The book is translated with a wonderfully light touch by Suzanne Jill Levine and Aviva Kana, and the short sections have a compulsive quality, even as the reader feels lured into the taiga themselves. The setting is atmospheric – “its temperature, its flora, its fauna, its shades of green” – and frequently disconcerting. The syndrome of the title is explained: “Certain inhabitants of the taiga begin to suffer terrible anxiety attacks and make suicidal attempts to escape.” All this and more comes through in Rivera Garza’s expressive prose. From murderous lumberjacks, to astute wolves, to feral little boys, this is a short novel whose multiple stories stay in the memory long after reading.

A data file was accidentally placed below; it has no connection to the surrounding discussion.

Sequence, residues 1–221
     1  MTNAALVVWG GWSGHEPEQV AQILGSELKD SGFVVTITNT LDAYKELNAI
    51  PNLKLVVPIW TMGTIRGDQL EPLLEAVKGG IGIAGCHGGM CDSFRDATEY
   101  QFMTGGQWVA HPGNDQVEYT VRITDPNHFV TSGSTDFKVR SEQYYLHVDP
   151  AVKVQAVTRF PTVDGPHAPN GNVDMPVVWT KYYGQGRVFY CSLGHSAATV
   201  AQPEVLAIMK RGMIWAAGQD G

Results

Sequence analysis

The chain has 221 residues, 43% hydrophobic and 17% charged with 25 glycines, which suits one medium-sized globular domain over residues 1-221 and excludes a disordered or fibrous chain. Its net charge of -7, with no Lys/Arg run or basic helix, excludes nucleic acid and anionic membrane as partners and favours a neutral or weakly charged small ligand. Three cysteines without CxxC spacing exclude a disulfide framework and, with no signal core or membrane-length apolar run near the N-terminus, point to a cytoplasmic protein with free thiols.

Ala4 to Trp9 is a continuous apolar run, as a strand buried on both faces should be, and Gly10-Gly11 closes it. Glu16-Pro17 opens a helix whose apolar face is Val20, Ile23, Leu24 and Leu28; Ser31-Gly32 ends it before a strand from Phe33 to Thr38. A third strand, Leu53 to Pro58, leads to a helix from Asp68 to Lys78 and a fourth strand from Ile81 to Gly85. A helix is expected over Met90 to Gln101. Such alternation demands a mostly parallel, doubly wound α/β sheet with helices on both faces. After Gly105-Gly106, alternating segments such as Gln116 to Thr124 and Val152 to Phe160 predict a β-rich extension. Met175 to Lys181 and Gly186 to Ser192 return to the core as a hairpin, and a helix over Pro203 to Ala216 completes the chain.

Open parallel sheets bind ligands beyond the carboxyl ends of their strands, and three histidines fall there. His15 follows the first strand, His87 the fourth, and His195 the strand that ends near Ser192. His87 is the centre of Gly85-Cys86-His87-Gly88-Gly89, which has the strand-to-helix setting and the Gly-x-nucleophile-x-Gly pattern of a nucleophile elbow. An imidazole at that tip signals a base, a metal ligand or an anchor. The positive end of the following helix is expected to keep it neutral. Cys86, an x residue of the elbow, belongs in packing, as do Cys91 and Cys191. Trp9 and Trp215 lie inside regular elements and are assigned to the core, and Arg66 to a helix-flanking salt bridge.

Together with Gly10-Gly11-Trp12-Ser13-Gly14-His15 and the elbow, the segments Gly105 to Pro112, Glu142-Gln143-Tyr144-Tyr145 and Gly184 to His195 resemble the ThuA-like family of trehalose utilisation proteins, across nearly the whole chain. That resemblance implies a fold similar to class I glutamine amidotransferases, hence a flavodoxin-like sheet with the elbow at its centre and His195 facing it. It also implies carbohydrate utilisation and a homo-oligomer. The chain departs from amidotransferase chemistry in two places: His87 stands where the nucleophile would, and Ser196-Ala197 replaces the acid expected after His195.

The journey through the taiga – a place where feral children roam and drunk lumberjacks stomp around with torches – also takes us through several literary traditions. Considered one of the greatest Mexican authors writing today, Rivera Garza here interweaves suspense with poetry, creating a contemporary magic-realist fable that is both her own and draws on her predecessors. We are told that the tale of Hansel and Gretel, children lost in a cruel world, was even more brutal in its original oral version; a reminder that much of what we perceive as our cultural heritage is in fact a product of our collective imagination.